Kitchen Gardens 3: Planting Your Garden


You’ve planned out your garden and got your beds all ready for planting, with tilled soil and possibly even amendments like compost and fresh top soil. Now you get to the really fun part - planting your garden!

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How to plant:

I like to take all my plants still within their nursery pots and just lay them out on the soil just to get a good feel for the layout and spacing requirements.

I keep in mind companion planting, adding in some herbs and edible flowers for pest control, as well as ensuring some plants are planted closer together and others further apart. (You can read more about companion planting in my previous post - Planning you Kitchen Garden).

Here is the layout I went with this year:

Bed 1:

  • crimson sweet watermelon

  • zucchini gold squash

  • zucchini

  • flying saucer squash

  • eggplant nubia

  • bushy cucumbers

  • California Poppies

  • Marigolds

Bed 2:

  • sugar pod peas

  • Cherokee purple heirloom tomatoes

  • Juliet grape tomatoes

  • dill

  • broad leaf basil

  • purple basil

  • buttercrunch lettuce

  • millionaire eggplant

  • marigolds

Bed 3:

  • nasturtium

  • chrysanthemums

  • California poppy

  • rosemary

  • thyme (French)

  • variegated sage

  • sage

  • golden oregano

  • oregano

  • cilantro

  • vietnamese cilantro

  • spearmint and mojito mint (in separate pots)

Dig down into your soil about as deep as the nursery pots. I add in some EB Stone Plant Food sprinkled into the bottom of the hole and then plant the baby plants.


Worm Castings

After reading about the benefits of warm castings I decided to add this popular soil amendment to our raised bed gardens this year. What are worm castings? Basically it’s worm poop - yup, worm poop. Why is it great for the plants? Well here are just a few reasons:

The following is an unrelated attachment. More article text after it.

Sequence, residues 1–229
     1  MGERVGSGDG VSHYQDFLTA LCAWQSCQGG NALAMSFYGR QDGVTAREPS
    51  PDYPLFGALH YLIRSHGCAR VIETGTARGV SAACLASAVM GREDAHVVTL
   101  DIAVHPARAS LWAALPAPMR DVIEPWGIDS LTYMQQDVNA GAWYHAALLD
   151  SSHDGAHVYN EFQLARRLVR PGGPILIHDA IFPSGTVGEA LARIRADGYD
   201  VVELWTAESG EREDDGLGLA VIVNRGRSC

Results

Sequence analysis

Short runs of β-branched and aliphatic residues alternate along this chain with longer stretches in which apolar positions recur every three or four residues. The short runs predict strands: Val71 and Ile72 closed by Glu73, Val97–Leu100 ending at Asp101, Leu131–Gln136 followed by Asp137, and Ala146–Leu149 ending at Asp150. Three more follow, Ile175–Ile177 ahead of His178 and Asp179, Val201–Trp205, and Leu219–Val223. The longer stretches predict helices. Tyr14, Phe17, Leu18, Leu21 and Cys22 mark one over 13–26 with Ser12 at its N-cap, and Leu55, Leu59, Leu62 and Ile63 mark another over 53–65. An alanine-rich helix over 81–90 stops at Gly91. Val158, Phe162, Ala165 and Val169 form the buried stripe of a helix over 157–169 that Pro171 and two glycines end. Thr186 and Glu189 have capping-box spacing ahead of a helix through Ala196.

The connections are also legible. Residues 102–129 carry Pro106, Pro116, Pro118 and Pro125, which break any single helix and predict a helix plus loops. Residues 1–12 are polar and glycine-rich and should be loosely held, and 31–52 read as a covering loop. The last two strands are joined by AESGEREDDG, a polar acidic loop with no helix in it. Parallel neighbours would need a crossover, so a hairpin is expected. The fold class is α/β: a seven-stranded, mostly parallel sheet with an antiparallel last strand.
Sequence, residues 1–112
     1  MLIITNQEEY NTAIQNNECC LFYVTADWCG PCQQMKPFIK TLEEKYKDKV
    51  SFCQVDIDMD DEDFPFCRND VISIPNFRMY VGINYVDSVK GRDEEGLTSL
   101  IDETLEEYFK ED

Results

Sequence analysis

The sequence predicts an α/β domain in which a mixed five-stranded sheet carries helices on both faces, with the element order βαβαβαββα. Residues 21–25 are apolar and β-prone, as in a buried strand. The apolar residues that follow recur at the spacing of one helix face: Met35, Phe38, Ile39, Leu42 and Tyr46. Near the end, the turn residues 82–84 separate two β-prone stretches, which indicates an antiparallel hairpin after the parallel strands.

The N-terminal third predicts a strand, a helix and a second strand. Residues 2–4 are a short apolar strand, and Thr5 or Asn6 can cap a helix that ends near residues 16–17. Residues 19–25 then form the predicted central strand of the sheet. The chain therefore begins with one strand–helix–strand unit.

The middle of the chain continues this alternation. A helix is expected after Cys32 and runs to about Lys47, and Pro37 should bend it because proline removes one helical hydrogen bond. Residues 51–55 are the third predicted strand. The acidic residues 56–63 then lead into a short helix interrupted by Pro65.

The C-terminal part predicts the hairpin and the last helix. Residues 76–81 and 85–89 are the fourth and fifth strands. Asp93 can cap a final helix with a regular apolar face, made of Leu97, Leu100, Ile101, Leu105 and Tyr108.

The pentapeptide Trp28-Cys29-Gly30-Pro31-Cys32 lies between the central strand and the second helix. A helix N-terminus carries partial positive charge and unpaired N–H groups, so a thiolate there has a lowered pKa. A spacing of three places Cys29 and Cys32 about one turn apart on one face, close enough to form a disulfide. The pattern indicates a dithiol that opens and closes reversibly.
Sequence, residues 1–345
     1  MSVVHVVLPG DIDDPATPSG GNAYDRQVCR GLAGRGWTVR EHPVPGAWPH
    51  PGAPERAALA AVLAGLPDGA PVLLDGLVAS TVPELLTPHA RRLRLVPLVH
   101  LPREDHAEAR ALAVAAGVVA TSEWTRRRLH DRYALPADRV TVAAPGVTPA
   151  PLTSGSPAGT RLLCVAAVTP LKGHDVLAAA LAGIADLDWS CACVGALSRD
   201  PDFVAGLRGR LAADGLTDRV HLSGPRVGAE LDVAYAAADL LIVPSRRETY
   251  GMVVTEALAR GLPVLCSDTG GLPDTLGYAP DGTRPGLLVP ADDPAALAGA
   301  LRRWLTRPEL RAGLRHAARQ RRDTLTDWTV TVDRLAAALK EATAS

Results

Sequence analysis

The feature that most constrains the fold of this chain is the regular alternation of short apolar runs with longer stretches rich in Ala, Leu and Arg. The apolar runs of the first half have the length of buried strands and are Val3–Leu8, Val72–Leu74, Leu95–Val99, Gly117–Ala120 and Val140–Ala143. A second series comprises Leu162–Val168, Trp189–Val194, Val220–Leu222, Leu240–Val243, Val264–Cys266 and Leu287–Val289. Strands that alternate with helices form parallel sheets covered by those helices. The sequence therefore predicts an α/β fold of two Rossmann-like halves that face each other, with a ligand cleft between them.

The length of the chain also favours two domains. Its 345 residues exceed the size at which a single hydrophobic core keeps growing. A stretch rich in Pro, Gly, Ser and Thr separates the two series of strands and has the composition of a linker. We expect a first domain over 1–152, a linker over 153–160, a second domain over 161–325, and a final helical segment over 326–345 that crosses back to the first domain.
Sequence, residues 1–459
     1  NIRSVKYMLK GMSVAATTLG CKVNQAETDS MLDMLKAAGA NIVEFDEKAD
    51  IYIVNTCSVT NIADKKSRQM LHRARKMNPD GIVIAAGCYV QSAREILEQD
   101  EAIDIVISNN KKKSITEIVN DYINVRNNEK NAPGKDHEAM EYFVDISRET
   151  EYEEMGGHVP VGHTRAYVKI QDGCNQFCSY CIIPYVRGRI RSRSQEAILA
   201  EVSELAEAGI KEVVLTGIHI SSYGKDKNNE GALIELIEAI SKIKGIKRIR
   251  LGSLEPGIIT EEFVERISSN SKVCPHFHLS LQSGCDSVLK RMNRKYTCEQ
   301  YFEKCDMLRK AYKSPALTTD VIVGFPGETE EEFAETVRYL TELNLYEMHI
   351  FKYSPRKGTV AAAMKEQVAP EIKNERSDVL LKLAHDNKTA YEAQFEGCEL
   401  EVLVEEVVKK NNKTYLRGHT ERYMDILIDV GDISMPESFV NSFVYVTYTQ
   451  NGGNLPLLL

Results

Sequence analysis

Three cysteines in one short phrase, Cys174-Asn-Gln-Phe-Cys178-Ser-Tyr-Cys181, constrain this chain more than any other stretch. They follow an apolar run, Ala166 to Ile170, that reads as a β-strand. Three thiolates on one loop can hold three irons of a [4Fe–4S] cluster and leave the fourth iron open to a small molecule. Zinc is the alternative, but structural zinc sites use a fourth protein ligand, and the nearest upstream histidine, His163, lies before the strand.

• they add over 60 micronutrients and trace minerals to the soil including calcium, magnesium, phosphates, nitrogen and potash.

  • they have the ability to fight off plant diseases due to the ability of the humus within the castings has to absorb toxins and harmful bacteria and fungi from the soil.

  • they help with pest control! By adding the casting to the soil it encourages the plants to secrete more of an enzyme that is disliked by the plant juice eating pests like white flies, aphids and spider mites.

watering it all in!

Once I have planted all the plants, using the plant food, and adding some warm castings, then I gently water in all the baby plants using the rainfall setting on my garden hose. At this point in our growing season here in North County San Diego (Hardiness Zone 10a,) I set the irrigation within the beds to run two mornings per week. We are still somewhat cool and overcast at this point in the year, and still even have an occasional sprinkling of rain as well. If it is has been hot and dry, I will water up to two more times per week, again using the rain setting on my garden hose, and making sure not to water during the hottest and sunniest midday hours (when the water will just evaporate away and could even cause some leaf burning), instead opting to water either in the early overcast morning and cooler evening times. Once we get into the hotter and drier conditions of our summer, I will increase the irrigation to three times per week, with added occasional hose watering as needed.

And then you get to watch your garden grow!!

Next Up on the Kitchen Garden Series: Pest control…

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RACHAEL COHEN is the creator & owner of INFINITE SUCCULENT, a plant art styling and educational service in San Diego, Ca.

Through her plant art and styling services, as well as her workshops, Rachael connects and engages her clients with the natural world, while helping them achieve the botanical atmosphere of their dreams!

Infinite Succulent: Miniature Living Art to Keep or Share published by The Countryman Press in 2019.

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